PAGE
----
When trouble approaches, what do you do? Run for the hills? Hide? Pretend it isn’t there? Or do you focus on the promise of rain in those looming dark clouds?
New research suggests that the way you regulate your emotions, in bad times and in good, can influence whether – or how much – you suffer from anxiety.
According to psychologist Douglas Eby, one of the primary characteristics of a Highly Sensitive Person (HSP) is the inability to process change. The uncertainty of a new path generates anxiety, sometimes so crippling that the person is unable to move forward on the new path in front of her. I am reminded of that this month as I make the significant transition from a job as a defense contractor–a communications advisor to a cloud computing company, with comfortable benefits– to an unstable gig as a freelance writer crafting pieces of mental health. I am following my heart alright, as it’s racing to catch up with me. Every time I sit down to write a piece, I second guess myself and list all the reasons why I’m unqualified to write articles that will technically be read by a few people.
Everyone has tough days and for some the days seem to be a never ending string of murkiness. All of our mental afflictions, stress, anxiety, depression, addictive urges and trauma responses are experienced as contractions in the body. An antidote to this would naturally be opening the body up and that is one among many reasons why yoga can be helpful. But to take it one step further, laughter opens our bodies up, vibrates core areas where the stuck energy resides while simultaneously igniting resiliency centers of the brain.
Do yourself a favor, simply watch this 3-minute video and see what you notice:
Remember the good old-fashioned “bad case of nerves” or nervousness? Is there really such a thing?
Yes, there is.
And there is also a dividing point between nervousness and it’s pathological version, anxiety disorder. But that dividing point, despite the diagnostic criteria we use, may be quite subjective and variable.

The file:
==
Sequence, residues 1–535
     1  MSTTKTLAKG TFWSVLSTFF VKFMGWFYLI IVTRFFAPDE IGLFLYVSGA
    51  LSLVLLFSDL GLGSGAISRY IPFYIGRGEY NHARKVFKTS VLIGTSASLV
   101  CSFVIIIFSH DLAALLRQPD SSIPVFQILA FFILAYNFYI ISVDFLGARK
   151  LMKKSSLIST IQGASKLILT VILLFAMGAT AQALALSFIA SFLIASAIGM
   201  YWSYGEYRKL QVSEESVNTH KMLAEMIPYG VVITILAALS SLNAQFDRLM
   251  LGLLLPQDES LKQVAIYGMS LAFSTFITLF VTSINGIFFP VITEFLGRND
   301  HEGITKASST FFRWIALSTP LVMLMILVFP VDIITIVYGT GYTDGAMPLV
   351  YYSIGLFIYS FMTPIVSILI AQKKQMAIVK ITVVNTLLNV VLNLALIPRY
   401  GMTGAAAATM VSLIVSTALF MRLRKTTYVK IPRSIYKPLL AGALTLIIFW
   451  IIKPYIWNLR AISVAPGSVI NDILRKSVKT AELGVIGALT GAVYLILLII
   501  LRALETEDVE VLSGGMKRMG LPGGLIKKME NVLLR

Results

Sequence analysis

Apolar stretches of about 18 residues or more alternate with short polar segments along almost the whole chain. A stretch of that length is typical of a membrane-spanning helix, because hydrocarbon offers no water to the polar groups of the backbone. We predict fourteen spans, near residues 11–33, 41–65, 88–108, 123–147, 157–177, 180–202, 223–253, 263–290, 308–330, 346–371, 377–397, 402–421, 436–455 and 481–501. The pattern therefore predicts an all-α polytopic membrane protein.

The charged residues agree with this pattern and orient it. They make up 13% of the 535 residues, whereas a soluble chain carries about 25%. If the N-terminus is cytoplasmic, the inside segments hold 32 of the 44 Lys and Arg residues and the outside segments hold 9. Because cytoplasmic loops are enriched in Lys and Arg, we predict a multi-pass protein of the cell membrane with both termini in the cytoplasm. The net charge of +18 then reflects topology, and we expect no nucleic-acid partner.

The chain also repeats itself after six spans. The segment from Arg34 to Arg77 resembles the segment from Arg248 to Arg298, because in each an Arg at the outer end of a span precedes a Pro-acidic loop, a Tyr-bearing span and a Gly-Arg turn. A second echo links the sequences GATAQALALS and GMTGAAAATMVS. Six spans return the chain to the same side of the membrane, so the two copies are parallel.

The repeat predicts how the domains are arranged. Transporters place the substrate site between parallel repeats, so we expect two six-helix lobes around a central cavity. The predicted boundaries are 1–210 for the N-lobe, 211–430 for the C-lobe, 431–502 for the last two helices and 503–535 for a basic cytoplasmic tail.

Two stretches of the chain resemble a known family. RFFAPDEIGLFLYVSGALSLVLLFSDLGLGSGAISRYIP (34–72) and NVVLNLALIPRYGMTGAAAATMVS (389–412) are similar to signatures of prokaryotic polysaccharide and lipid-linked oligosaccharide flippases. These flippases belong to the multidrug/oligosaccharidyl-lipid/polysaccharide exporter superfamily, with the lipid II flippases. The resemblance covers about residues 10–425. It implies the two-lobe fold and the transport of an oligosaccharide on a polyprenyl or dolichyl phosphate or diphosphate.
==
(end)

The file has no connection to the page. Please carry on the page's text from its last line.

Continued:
A significant percentage of veterans returning from wars exhibit symptoms of posttraumatic stress (PTS). This is now recognized as a serious health problem, but what about the victims of such violence? Refugees live with the constant reminder of what war has done to their lives and those of their families. A randomized/matched study published in the April 2013 issue of Journal of Traumatic Stress (Volume 26, Issue 2, pp. 295-298.) measured the severity of posttraumatic stress symptoms in refugees in Africa before and after learning the Transcendental Meditation (TM) technique. The reductions were dramatic.
|According to the cognitive model of anxiety, individuals with a vulnerability to anxiety make biased and exaggerated appraisals of possible harm and underestimate potential resources. Their inaccurate appraisals trigger fearful thinking (anxious automatic thoughts and images) which leads to anxiety symptoms. To cope with the experience of anxiety, patients employ unhelpful strategies that provide temporary relief, but also perpetuate anxiety and lead to further problems in the long-term.
The chart below lists the core cognitive content and unhelpful coping strategies associated with a number of common anxiety disorders.
Core Cognitive Contents of Anxiety
When it comes to mental health disorders such as anxiety, there are differences between the genders, even at early ages.
Anxiety is characterized by worried thoughts, physiological tension, and cognitive defects. Persistent and unproductive anxiety is one of the most common mental health problems in the U.S. Anxiety disorders affect women at twice the rate they affect men.